Hot enough for you? Cooling stations, complaints and DIY air conditioners

0

All through the long winter, we couldn’t wait for summer.

And now this.

“When it was real cold this winter, I swore I would not complain about the heat,” said Claudette Gagne of Lewiston. “But damn, this is a bit much.”

Maine continued to sizzle Thursday as temperatures reached the mid-90s just about everywhere – and for the seventh straight day in some areas.

While weather forecasters are calling for cooler temperatures in coming days, there was still the matter of getting through another scorcher on Thursday.

In Brownfield, a man on Tibbetts Mountain Road hooked up a computer in his car so he could cool off with the vehicle’s air conditioning. He was rewarded for his efforts with a fire that broke out in his dashboard, the result of an overheated electrical system.

Advertisement

Brownfield firefighters went to Tibbetts Mountain and put the fire out. The man was not hurt, but damage to his car was significant.

A boat carves through the calm waters on Sabbathday Lake in New Gloucester on Thursday afternoon. (Russ Dillingham/Sun Journal)

Across the region, the sweaty and overheated were seeking relief anywhere they could find it. Local libraries were among those places, although most hadn’t declared themselves official cooling stations.

“Technically, we don’t have that official designation,” Lewiston Public Library Director Marcela Peres said. “But we definitely encourage anyone needing or wanting to cool off to come on in. We have air conditioning and multiple water fountains.”

Central Maine Internal Medicine at 12 High St. in Lewiston had to evacuate the building shortly before noon due to air conditioner failure.

“An HVAC/air handling device on the roof of that building malfunctioned, causing a loud noise and vibrations through the building,” said Kate Carlisle, director of public relations at Central Maine Health. “Out of an abundance of caution, we evacuated 12 High Street, asking patients, providers and staff to gather at 60 High – the main hospital building. We offered water bottles and assistance to all our patients who were evacuated. Once we ascertained, with the help of the Lewiston Fire Department, that the building was safe to re-enter, we gave the all-clear.”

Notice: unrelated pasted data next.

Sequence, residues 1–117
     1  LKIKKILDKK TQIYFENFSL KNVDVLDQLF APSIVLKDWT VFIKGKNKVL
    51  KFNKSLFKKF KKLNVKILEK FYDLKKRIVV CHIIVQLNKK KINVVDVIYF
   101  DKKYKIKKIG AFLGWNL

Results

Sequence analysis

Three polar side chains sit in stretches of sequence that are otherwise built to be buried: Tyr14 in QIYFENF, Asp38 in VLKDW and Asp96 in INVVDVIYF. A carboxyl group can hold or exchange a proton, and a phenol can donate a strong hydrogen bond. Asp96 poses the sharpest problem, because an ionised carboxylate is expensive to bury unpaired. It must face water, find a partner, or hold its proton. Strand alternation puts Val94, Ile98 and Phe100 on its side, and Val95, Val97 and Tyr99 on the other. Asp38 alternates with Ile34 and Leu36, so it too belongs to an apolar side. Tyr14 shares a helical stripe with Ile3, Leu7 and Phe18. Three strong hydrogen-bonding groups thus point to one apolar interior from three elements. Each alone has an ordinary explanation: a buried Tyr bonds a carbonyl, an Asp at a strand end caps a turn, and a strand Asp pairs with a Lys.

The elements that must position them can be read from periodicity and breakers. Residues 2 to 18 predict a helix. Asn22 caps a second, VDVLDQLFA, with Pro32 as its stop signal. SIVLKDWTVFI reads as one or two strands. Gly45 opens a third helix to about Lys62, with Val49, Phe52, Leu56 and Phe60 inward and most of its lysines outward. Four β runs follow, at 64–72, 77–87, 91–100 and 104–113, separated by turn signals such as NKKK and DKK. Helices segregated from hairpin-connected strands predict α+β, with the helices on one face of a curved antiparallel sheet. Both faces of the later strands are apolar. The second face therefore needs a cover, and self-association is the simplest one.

In both Lewiston and Auburn, afternoon blazes kept firefighters hopping in their hot and heavy gear. Around 11:30 a.m., a fire at Wallnigford’s Fruit House on Perkins Ridge Road brought crews from several towns. Three hours later, a porch went up in flames on Howe Street in Lewiston, sending fire crews scrambling once more into the blazing heat.

Like firefighters, cops and anyone else responsible for handling emergencies, city workers had to continue doing their jobs no matter how oppressive the heat.

“Our guys are encouraged to take plenty of water breaks and to watch out for their co-workers to prevent heat stroke/exhaustion,” said David A. Jones, director of Lewiston Public Works. “If they get overheated, we get them into the trucks’ air conditioning. Knock on wood that we have been lucky through this hot spell without much for health issues.”

Local shelters were not changing their hours, although attendants were advising their tenants on ways to stay cool while out and about during daylight hours.

“Like anything else, yes, the heat does affect the guests,” said Jimi Cutting, house attendant at St. Martin de Porres in Lewiston. “We do have air conditioners on the lower floors, but rely on fans and open windows to help with the bedrooms. We advise the guys to be careful when out in the heat, to take advantage of the library and the shade at Kennedy Park.”

Air conditioners were selling briskly at area stores and in online listings. On social media, people were exchanging ideas – from DIY air conditioners to drink recipes – on how to stay cool.

Suze Blood, formerly of Auburn, now living in Lakeland, Florida, knows a thing or two about beating the heat.

“If you don’t have a pool,” she said Thursday, “make friends with someone who does.”

“Freeze your T-shirt,” suggested Erica Edwards, of South Woodstock, “before putting it on.”

It wasn’t just hot, it was dry, which means conditions are ripe for fire. Wales fire crews, with the help of firefighters from Sabattus, went out to Oak Hill Road at about 3 p.m. Thursday for a brush fire that started when a power line came down.

Firefighters and Maine forest rangers on Thursday battled flames in a variety of places, including wildfires in Liberty, Brownfield, New Sweden, Bingham and Gouldsboro.

The forecast was looking slightly cooler, with temperatures expected to top out at 80 degrees on Friday and into the weekend.

(WGME weather graphic)

 

Advertisement